In a comment piece in the Otago Daily Times, the chief executive of Petroleum Exploration & Production Association of NZ (PEPANZ), Cameron Madgwick warned there was a real issue of New Zealand running out of gas.
Madgwick said many won't realise NZ only has about seven years of gas supply left, and that within a couple of years supply won't be able to keep up with demand, meaning higher prices in a whole range of areas.
“Because it's not just barbecues either. About a third of the natural gas we produce goes to producing electricity, helping keep prices down when other sources such as wind or hydro are low.”
He said it was also important for industrial heat - such as for milk and timber plants - which creates jobs and exports.
Magwick said about 400,000 homes, schools, hospitals and businesses use natural gas or LPG.
“The Government's end to new exploration permits beyond onshore Taranaki has put all of this at risk. Luckily, some exploration work is happening soon, but if we don't strike it lucky, the costs for New Zealanders will be very serious,” he said.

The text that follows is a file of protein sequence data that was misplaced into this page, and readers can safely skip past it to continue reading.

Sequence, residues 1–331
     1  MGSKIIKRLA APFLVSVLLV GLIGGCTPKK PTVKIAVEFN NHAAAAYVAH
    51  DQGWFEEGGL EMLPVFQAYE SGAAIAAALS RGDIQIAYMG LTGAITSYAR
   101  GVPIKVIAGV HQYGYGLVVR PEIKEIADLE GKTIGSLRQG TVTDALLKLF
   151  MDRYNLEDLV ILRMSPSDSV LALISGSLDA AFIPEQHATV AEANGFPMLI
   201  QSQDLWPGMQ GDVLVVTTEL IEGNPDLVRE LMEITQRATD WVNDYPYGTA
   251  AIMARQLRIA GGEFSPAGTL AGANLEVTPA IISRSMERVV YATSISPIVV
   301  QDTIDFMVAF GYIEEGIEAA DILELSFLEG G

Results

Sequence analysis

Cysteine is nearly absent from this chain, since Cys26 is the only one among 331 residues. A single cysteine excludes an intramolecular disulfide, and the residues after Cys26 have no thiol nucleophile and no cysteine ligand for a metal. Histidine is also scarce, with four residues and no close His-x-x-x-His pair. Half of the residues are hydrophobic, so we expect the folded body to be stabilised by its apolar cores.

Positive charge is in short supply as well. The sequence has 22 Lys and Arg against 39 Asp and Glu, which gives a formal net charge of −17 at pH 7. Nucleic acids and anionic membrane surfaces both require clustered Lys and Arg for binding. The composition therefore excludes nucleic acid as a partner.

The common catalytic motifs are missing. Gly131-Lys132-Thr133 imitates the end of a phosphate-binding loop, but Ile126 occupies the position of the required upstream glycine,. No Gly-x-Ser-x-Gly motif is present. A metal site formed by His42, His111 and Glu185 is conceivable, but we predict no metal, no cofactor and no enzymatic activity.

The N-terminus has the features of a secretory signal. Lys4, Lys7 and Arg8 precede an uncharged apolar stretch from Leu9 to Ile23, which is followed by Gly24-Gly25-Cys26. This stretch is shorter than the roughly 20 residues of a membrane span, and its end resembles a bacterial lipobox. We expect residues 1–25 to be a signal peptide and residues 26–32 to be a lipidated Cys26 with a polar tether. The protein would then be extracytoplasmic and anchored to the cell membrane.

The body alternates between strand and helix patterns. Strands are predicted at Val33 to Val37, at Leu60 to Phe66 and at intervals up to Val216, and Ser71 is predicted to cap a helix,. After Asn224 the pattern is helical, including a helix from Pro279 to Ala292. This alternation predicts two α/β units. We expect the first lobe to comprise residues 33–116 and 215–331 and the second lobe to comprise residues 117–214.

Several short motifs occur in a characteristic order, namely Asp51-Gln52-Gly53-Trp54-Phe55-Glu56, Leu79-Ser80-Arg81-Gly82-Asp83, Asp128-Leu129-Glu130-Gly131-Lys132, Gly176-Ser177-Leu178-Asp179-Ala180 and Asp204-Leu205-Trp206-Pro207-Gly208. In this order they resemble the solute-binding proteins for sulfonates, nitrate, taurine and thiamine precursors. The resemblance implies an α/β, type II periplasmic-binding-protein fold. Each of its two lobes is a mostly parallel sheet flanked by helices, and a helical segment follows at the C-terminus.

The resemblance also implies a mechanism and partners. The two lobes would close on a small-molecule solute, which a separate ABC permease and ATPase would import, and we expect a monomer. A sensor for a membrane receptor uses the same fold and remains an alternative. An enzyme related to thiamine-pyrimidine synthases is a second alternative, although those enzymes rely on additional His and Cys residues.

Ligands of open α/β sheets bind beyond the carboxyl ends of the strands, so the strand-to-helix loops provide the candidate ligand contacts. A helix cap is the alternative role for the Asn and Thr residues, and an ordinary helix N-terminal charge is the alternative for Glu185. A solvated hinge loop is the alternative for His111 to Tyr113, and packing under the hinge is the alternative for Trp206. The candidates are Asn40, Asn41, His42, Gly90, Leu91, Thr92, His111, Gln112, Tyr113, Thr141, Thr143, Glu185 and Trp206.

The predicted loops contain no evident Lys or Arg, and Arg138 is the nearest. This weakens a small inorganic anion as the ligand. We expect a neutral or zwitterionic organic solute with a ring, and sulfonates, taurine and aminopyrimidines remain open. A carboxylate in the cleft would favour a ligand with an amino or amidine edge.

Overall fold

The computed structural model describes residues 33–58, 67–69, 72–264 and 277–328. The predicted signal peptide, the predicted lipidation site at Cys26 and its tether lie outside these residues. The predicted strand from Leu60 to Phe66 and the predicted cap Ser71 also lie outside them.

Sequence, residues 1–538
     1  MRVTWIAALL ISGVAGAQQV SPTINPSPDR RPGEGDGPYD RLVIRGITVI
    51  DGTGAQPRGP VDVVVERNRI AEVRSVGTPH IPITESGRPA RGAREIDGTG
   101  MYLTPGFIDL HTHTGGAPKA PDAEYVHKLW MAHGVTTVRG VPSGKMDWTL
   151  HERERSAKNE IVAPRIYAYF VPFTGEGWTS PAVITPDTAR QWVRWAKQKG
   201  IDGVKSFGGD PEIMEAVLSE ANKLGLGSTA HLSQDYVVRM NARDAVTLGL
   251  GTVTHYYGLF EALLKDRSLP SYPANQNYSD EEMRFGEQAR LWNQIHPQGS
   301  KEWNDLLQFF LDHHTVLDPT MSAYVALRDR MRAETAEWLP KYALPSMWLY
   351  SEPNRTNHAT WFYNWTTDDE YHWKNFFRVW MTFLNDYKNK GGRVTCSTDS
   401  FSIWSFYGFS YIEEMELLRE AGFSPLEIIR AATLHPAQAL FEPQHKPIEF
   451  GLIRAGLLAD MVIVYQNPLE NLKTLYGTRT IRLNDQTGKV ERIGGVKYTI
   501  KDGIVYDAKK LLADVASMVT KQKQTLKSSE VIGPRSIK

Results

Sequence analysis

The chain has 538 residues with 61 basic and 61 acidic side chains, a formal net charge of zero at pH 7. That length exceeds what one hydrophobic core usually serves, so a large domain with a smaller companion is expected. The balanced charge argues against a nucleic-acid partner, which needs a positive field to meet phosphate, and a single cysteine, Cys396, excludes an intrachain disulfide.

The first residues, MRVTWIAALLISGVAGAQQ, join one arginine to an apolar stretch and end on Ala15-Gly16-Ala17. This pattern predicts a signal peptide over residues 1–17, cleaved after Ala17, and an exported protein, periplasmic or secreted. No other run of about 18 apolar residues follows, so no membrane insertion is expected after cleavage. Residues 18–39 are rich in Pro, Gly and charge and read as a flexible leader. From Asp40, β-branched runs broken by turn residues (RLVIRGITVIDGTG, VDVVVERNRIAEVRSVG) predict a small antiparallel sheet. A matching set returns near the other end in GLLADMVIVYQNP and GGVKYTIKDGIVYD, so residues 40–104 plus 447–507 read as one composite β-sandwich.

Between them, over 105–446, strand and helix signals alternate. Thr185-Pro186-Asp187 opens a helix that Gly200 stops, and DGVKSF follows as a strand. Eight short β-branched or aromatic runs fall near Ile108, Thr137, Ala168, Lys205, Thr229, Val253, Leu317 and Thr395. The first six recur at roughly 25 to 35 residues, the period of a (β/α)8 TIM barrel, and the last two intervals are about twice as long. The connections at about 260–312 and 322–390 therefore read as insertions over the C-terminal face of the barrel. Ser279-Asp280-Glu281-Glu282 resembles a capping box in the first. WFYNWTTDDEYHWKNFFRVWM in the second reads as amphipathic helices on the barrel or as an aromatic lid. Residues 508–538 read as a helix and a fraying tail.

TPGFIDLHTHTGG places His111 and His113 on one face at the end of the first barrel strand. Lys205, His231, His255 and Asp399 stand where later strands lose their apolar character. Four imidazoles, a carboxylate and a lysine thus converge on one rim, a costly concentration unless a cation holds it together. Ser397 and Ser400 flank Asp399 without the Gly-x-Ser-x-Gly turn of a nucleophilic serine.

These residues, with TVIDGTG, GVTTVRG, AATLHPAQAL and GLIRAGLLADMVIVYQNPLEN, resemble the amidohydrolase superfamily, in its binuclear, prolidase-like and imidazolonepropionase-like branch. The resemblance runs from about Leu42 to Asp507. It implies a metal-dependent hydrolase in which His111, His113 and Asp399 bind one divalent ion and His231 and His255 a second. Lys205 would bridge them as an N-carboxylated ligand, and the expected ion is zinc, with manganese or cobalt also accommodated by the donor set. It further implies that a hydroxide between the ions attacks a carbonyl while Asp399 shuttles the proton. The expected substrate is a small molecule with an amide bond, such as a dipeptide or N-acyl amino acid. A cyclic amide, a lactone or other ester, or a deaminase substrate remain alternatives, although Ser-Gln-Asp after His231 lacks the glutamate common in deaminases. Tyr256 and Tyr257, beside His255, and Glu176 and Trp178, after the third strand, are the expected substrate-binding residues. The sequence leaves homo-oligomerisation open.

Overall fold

He said the irony is that while New Zealand is turning its back on natural gas, the rest of the world is ramping up efforts to make the most of this clean-burning fuel.
Global demand for natural gas is expected to grow 45% by 2040 and the world population is expected to reach nine billion in that year. It will be an increasingly wealthy, urbanised and energy-hungry world.
Magwick said there is no way renewable energy can meet even half of this new demand, so it is no surprise the world is turning to natural gas. Not only is it affordable and abundant, it is relatively easy to transport and clean-burning with half the emissions of coal.
“This is how the UK and the US have managed to lower their emissions so much in recent years - by switching away from coal to natural gas. Both those countries are now gearing up to become exporters of LNG to meet global demand.”
The PEPANZ chief said what a ridiculous outcome it would be if NZ ends up having to import more expensive and higher-emitting Australian LNG when the country is “so blessed with our own supplies of natural gas.
“Turning our back on natural gas doesn't make us a global leader. It makes us a foolish outlier, and New Zealand businesses and households will pay the price.”